I recently got a message from a webmaster who had no idea their website got their visitors' web browsers to run third-party Javascript from Goggle domains. This is how out of control JS has got. It's time for browser makers to make JS opt-in, so that people who serve it have to justify what it does and why users ought to let it run on their computers. Like they've done with addons, after all JS is just any uglier hack for temporarily adding code to the browser.

@strypey

As someone who writes web apps in Elm, I disagree. My apps show nothing but a “turn on JavaScript” warning without JS. Pleroma is even worse. It displays nothing without JS. Here’s the home page HTML for impeccable.social:

<html lang="en"><head><meta charset="utf-8"><meta name="viewport" content="width=device-width,initial-scale=1,user-scalable=no"><title> Impeccable</title><!--server-generated-meta--><link rel="icon" type="image/png" href="/favicon.png"><link rel="stylesheet" href="/static/font/css/fontello.css"><link rel="stylesheet" href="/static/font/css/animation.css"><link href="/static/css/vendors~app.b2603a50868c68a1c192.css" rel="stylesheet"><link href="/static/css/app.db80066bde2c96ea6198.css" rel="stylesheet"></head><body style="display: none"><div id="app"></div><script type="text/javascript" src="/static/js/vendors~app.4b7be53256fba5c365c9.js"></script><script type="text/javascript" src="/static/js/app.670c36c0acc42fadb4fe.js"></script></body></html>

@billstclair
> My apps show nothing but a “turn on JavaScript” warning without JS.

Why? This is graceless degradation for one thing. I don't see why anyone thinks they're entitled to run programs on other people's computers without opt-in consent. How about you design it to serve an HTML/CSS web page when people visit it in their web browser with JS turned off or blocked, explaining what JS allows the app to do, and asking them to please turn it on? needs to do that to, has.

@strypey

Because my web apps rely on JavaScript to do ANYTHING. That's their nature.

Yes, I could do that computation on my server, but that focuses all the compute time where I have to pay for it, whereas the amount of CPU my apps require per user is tiny, compared to the vast unused power of a modern PC.

Also, modern virtual DOM technology allows a webapp to look and feel just like a regular application. I know of no way to do that with all the computation on the server.

I'd rather get new things done than do everything twice, once on the server and once in JS in the browser, with the inevitable differences between the two to constantly fix.

JS is mature technology, with good sandboxing. Yes, it enables ad tracking, as do cookies, but you can already turn those off in your browser if you don't like them. Good browsers, like Brave, allow scripts to be enabled per site.

My first couple of blogging systems used user input, in a few different formats, to create static HTML web pages. Loads fast, but all the boilerplate is duplicated, over and over.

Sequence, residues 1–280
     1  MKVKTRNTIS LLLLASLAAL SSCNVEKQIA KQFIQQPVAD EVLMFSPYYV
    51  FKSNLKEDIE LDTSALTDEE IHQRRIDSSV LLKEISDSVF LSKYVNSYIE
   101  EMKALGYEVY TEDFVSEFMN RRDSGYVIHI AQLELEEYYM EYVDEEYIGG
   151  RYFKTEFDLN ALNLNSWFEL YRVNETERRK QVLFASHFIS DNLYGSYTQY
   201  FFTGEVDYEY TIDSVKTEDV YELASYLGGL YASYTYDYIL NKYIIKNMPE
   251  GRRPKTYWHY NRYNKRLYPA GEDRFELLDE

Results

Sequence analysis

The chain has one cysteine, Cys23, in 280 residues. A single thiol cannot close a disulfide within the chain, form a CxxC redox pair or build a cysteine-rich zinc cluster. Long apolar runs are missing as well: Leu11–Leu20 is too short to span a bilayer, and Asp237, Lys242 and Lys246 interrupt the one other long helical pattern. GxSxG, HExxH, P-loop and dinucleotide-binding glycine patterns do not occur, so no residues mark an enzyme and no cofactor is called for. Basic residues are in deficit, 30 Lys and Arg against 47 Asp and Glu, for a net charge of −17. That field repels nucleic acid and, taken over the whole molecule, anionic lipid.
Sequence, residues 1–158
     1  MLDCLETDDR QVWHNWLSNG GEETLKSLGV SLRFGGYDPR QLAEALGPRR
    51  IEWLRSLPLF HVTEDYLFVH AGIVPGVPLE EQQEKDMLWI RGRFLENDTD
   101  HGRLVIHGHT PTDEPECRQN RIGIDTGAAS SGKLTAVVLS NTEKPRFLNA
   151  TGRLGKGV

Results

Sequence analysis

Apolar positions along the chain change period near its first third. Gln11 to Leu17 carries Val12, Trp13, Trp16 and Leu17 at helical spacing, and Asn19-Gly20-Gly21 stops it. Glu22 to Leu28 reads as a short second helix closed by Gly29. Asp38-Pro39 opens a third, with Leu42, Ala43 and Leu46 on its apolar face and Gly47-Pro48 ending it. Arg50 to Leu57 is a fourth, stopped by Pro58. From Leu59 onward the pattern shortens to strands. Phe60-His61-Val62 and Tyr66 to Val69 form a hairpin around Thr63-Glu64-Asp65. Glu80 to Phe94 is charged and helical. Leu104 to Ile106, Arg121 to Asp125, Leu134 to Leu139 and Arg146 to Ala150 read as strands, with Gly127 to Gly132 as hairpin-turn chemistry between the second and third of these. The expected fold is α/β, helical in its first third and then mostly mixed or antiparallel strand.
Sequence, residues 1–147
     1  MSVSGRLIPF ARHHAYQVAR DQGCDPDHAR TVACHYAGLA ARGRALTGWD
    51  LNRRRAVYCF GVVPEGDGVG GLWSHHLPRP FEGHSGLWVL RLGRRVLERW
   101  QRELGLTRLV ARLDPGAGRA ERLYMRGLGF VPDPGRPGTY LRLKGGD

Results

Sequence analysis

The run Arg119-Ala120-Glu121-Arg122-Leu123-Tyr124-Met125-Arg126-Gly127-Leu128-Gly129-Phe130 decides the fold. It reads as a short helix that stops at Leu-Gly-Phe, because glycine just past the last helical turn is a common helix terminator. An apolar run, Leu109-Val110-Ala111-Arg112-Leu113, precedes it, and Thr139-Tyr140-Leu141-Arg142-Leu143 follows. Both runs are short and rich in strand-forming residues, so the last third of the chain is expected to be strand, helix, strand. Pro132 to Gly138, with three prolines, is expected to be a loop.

My most recent, still unfinished blogging system (which will likely remain unfinished due to social media largely taking over the microblogging space), goes to the other extreme, stores static page representations on the server, and does the rendering in the browser.

I've drunk the Kool-Aid, and no longer see any reason to resist running JS, for web sites I create, and in web sites I browse. It's everywhere. You're blowing into the wind.

@billstclair @strypey

you may trust everyone on the internet to execute arbitrary code on your machine, but i find that attitude extremely foolish. javascript has sandboxing, yes, but i wouldn’t trust a sandbox that is regularly broken at a yearly event. Pwn2Own has been running for years and they’ve managed to break the web sandboxes every time.

http://web.archive.org/web/20190401050229/https://www.thezdi.com/blog/2019/3/20/pwn2own-vancouver-2019-the-schedule-and-live-results

@xj9 @billstclair @strypey Plus what with Spectre and family, it's a very bad time to put much faith into a sandbox.

Though I would say if we are going to insist on continuing to run sandboxed programs on the client, Elm would be simpler language to sandbox than JavaScript. I'm going to make that argument in detail eventually.

@alcinnz @strypey @xj9

Elm is certainly easier to sandbox, though convincing any appreciable fraction of the web development community to move to it will be a hard sell.

JS ain't going nowhere. Neither is Windows. Huge business investments in both, with only a tiny fraction of their markets caring about anything but that it mostly works.
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@billstclair
absolutely, this "Linux" thing will never fly. Most servers will always run on Windows ... oh wait 😏 Also GNU/Linux may not have replaced Windows on the desktop, but more people work in browsers than desktops anyway (Firefox and Chromium derivations dominate browser space), and the vast majority of new computers are mobiles, where Android/Linux and iThing/BSD kicked Windows' arse. TV companies and MySpace will tell you incumbent advantage only gets you so far.
@alcinnz @xj9

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